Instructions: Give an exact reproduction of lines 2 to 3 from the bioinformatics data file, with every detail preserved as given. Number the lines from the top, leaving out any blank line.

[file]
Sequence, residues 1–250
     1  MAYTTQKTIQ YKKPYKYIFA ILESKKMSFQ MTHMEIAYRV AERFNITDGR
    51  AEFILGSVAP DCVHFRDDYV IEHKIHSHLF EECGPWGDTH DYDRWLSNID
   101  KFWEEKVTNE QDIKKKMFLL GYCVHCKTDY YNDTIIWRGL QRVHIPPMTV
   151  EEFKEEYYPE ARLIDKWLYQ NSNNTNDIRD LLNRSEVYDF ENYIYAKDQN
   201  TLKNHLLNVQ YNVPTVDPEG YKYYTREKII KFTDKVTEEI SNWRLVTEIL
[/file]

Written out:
     1  MAYTTQKTIQ YKKPYKYIFA ILESKKMSFQ MTHMEIAYRV AERFNITDGR
    51  AEFILGSVAP DCVHFRDDYV IEHKIHSHLF EECGPWGDTH DYDRWLSNID